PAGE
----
“We have a maximum of 3 hours to mediate. And sometimes these people have been in conflict for decades. Without any pre-mediation preparation or coaching support, we are somehow expected to support these people to resolve their conflict in that short space of time. We do almost always end up with some kind of agreement, but I inevitably wonder about whether it will work or whether they could have done significantly more if we had more time.”
(c) Limited training
Everyone strongly agreed that the standard 40-hour mediator training was not nearly sufficient to cover what was needed to practice. There were two main concerns: that there was not enough time in that basic training to cover some of the essential knowledge and skills; and secondly that this kind of training usually teaches a fairly rigid approach to mediation and did not set up mediators to practice in different environments or to be able to adapt their process and be flexible when required.
Some of the less experienced mediators commented that they were taught a specific structure and interventions, and that they didn’t know which of those were set in stone (e.g. mandatory under the NMAS Practice Standards) and which could be varied. Some also said that even if they knew which could be varied, they would lack confidence to vary what they had been taught. It seemed that often less experienced mediators didn’t really understand the purpose of various steps in the process or specific interventions, and so didn’t have a basis from which to adapt or be flexible. Some areas of concern were around things like using ground rules, agenda setting, use of private sessions, providing information vs advice, working with power and emotions, and what should be included in documentation provided to the parties.
“Honestly, we are only given about 40 hours of training and that barely scratches the surface of what you need to know and the skills you need to develop to do this work well. We don’t have time to learn about emotions, to understand nuances of power, to explore the purpose of various interventions and alternatives when flexibility is required. And very few beginner mediators get to work in an apprenticeship like model, so we don’t get to see how more experienced mediators do things and learn from them. We have to figure it out ourselves and hope we don’t do too much harm along the way.”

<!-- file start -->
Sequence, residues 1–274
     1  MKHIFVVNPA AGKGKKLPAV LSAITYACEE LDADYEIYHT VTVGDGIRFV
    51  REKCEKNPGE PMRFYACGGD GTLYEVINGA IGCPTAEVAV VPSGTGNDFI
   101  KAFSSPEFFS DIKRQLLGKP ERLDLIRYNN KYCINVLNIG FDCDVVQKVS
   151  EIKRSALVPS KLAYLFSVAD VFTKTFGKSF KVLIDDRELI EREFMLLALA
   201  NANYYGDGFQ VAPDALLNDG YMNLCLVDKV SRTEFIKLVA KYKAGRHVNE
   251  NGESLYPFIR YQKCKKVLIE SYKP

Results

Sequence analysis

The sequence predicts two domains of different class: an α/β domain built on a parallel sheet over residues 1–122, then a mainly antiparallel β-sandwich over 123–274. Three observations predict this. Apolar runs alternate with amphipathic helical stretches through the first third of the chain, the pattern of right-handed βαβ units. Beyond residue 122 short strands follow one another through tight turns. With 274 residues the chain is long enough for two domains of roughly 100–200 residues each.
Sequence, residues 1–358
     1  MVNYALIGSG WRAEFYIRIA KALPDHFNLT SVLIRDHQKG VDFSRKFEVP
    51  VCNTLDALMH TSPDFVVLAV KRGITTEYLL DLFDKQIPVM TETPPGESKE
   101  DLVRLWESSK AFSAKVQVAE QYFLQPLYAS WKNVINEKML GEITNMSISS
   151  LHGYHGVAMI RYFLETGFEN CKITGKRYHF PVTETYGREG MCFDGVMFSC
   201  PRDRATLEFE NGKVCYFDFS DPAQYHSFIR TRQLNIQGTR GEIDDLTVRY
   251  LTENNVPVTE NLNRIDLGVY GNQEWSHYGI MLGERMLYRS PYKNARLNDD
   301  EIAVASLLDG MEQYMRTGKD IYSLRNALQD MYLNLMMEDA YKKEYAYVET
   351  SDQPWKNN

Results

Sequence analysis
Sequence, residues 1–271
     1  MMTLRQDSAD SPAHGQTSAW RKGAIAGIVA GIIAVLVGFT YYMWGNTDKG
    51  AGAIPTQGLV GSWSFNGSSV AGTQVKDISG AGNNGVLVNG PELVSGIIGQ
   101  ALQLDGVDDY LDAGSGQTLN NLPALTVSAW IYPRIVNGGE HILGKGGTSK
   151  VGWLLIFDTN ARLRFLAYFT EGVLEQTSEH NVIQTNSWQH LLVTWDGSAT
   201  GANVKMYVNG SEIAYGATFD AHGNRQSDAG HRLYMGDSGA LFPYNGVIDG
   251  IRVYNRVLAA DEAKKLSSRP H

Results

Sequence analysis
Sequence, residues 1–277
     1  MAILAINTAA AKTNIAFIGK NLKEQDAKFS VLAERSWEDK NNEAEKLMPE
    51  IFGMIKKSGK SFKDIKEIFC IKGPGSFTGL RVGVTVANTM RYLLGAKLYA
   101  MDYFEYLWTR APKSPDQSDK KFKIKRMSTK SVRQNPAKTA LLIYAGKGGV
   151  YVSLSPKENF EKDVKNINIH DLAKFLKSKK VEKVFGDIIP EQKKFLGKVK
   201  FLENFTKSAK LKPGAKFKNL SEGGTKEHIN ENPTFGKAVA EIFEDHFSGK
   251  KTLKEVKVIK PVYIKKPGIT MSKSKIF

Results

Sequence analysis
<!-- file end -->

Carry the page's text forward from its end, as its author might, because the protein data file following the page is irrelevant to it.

“A lot of the language in the pro forma documents we were given in training was about “mediation is better than going to court”, whereas I am working with people in workplace conflict and going to court isn’t really something they could do in this kind of situation. For them, the alternative to sorting things out at mediation was continuing to suck it up, or one of them resigning and trying to find another job.”
“I was desperately to create an agenda with at least three items on it (as instructed in my training) but it was a very vague personality conflict. There were not many concrete events or specific contexts in which the conflict played out. It was much more nebulous than that. In the end I gave up on the agenda and they just started talking and it was brilliant. Everything came out in a much more natural way and they came to really good understanding of each other’s needs and agreed on what was needed to continue working together.”
(d) Bridging the Affordability Gap.
Unfortunately, access to conflict resolution services remains an issue, particularly for disadvantaged groups. Many are unable to access or afford the support to navigate conflict effectively.
“I can see so many areas of need in the community for support like conflict coaching and mediation, but most of those people can’t afford it, and I can’t afford not to make an income. So I feel like I’m almost selling my soul working in corporate, or providing sub-standard services through a highly constrained not-for-profit that can’t keep up with demand.”
The participants in these conversations found it quite therapeutic to discuss some of these challenges with their peers, and were sometimes surprised to discover that others had similar concerns. While much of the discussion focused on what participants didn’t like, it also motivated everyone to think about opportunities to change and improve the systems in which they worked, and even to create entirely new ways of engaging with clients in conflict.
If you are interested in joining our Conflict Leadership Program for 2024, get in touch and we can send you more information.
I’d also really like to hear your thoughts about what you find are the challenges in your practice. Keep the conversation going in the comments!